I also like the way that Heathwood handles harm-to-self desires, which are self-regarding desires that diminish overall well-being when satisfied. Namely, the satisfaction of the specific desire contributes to well-being but implies the thwarting of a number of other desires that result in an overall reduction in well-being.
However, I have problems linking well-being to the subjective satisfaction of a desire as opposed to the objective satisfaction of a self-regarding desire.
The difference between the two has to do with truth value. A "desire that P" is subjectively satisfied if the agent believes that P. A "desire that P" is objectively fulfilled if P is true.
I would argue that, when a desire is subjectively satisfied, this often leads to the objective fulfillment of other self-regarding desires. Specifically, it generally results in an experience of pleasure, and thus objectively fulfills the self-regarding desire that "I feel pleasure". Similarly, the subjective frustration of a desire (e.g., the false belief that one's child has been killed in an accident) would objectively thwart the self-regarding aversion to pain.
(NOTE: Later in this article, Heathwood equates the subjective satisfaction of a desire with pleasure. That is a further complication that I cannot fit into this post - so I will be ignoring it for now.)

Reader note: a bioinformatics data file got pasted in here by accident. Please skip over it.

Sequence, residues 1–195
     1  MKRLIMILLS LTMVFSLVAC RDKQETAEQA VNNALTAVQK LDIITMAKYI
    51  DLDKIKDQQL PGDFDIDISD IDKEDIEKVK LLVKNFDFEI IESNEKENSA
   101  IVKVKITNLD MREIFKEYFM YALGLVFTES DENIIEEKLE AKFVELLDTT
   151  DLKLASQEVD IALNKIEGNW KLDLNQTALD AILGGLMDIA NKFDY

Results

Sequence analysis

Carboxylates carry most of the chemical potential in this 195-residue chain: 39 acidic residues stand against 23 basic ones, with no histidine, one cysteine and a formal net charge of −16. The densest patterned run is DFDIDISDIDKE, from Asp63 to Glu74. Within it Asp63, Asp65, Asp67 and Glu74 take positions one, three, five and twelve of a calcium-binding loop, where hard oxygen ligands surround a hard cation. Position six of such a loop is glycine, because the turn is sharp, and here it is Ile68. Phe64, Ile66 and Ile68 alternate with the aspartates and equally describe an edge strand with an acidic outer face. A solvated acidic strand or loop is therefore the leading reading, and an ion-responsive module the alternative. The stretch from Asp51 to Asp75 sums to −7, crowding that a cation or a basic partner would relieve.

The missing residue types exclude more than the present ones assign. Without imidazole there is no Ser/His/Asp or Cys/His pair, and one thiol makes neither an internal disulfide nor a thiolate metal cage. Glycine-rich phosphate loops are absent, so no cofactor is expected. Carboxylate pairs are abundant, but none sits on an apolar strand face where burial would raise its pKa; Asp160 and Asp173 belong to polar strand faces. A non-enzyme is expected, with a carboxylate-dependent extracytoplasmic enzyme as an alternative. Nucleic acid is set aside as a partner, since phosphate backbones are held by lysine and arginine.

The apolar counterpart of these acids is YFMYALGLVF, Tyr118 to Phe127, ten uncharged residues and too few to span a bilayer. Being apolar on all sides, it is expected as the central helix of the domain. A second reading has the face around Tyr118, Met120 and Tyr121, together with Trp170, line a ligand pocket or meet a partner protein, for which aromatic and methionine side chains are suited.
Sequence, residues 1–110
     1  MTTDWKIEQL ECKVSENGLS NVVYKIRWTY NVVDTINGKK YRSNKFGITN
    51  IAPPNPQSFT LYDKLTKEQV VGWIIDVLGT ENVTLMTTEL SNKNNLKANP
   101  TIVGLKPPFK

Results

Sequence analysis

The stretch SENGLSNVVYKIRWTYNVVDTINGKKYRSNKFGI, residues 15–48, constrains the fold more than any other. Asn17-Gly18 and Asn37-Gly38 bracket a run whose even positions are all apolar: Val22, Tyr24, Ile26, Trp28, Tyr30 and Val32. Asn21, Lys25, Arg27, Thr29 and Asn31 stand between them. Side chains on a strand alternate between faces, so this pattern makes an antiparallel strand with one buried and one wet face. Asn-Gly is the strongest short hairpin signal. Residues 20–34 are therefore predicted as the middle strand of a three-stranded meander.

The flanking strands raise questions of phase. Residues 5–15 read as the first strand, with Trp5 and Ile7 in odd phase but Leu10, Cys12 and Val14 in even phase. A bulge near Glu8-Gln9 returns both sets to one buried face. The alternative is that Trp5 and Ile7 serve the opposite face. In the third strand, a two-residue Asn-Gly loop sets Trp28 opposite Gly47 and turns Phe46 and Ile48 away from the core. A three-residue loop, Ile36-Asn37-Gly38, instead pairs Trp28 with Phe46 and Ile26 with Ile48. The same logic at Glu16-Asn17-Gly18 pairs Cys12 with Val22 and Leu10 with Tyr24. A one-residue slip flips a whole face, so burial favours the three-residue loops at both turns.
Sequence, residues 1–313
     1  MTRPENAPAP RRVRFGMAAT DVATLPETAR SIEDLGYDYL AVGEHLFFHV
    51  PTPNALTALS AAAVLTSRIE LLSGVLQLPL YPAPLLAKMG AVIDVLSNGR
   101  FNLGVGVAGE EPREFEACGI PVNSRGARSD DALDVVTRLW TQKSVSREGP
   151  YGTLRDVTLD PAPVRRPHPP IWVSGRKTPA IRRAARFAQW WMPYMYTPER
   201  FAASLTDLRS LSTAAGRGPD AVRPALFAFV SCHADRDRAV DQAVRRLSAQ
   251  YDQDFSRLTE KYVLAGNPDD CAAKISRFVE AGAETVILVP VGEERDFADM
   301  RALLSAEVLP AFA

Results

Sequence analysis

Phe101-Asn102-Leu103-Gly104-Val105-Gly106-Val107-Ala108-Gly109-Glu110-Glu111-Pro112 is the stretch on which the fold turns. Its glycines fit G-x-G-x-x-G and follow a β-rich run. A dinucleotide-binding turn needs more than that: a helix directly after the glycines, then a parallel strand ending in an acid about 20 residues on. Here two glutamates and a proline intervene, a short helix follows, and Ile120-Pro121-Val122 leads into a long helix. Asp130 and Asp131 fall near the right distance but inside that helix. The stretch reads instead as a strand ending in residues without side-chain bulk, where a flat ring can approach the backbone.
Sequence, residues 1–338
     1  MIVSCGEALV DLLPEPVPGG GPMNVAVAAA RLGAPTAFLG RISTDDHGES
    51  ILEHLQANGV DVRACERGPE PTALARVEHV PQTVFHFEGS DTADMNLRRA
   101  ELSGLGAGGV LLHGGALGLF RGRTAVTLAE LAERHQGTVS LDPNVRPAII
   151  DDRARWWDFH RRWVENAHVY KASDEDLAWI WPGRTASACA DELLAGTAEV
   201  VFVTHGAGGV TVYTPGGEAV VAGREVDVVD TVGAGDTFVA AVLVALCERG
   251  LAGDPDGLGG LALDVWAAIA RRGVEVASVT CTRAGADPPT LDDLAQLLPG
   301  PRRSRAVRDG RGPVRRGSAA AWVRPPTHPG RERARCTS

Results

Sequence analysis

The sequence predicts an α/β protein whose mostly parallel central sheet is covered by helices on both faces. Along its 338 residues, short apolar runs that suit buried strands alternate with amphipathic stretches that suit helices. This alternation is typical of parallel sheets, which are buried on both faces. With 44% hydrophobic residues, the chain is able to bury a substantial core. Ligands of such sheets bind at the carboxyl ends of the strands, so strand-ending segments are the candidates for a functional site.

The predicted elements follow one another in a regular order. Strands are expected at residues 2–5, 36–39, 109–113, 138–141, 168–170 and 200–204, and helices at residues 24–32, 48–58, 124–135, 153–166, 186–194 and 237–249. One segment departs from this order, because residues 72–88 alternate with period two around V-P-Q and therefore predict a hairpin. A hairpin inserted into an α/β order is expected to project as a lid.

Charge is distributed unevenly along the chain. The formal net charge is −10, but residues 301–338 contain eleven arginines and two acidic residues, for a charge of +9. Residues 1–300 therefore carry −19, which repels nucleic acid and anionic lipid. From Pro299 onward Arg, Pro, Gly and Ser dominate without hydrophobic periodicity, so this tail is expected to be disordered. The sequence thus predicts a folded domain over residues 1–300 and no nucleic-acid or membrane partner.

Anyway, what I can say is that the subjective satisfaction or subjective frustration of a desire does contribute something to well-being. They bring about either objectively fulfill a self-regarding desire to experience pleasure objectively thwart a self-regarding desires to avoid pain. However, that does not make them the be-all and end-all of well-being.
The objection that I have to Heathwood's account goes back to Nozick's experience machine.
If Heathwood is right, then no life goes better than the life of a person who is hoooked up to a Nozickian experience machine. The experience machine will feed the agent signals that will generate beliefs that her desires (self-regarding and other-regarding) are fulfilled. If she desires to be a beloved President of the United States, the experience machine will give her that experience. But, in fact, she will live and die as a body laying in a pool of goo, doing nothing.
I find it odd to say that the best possible life that a person can hope for is a life that many people (including me) would run away from.
On the other hand, the "objective fulfillment of self-regarding desires" answers the experience machine example accurately.
It says that if a person's self-regarding desires consist solely of, "that I experience pleasure" and "that I not be in pain", then the experience machine is a good option.
However, a person who has self-regarding desires that cannot be fulfilled within the machine - e.g., "that I contribute to well-being of others" or "that I become President of the United States," the experience machine fails to provide a tempting offer.
Let me repeat, I have not given a lot of thought to theories of well-being. Specifically, I have not spent much time searching for objections to the "objective fulfillment of self-regarding desires" theory. It does seem to have one advantage of Heathwood's subjective desire satisfaction theory. However, the world is a large and complex place filled with landmines that can still blow this alternative to pieces.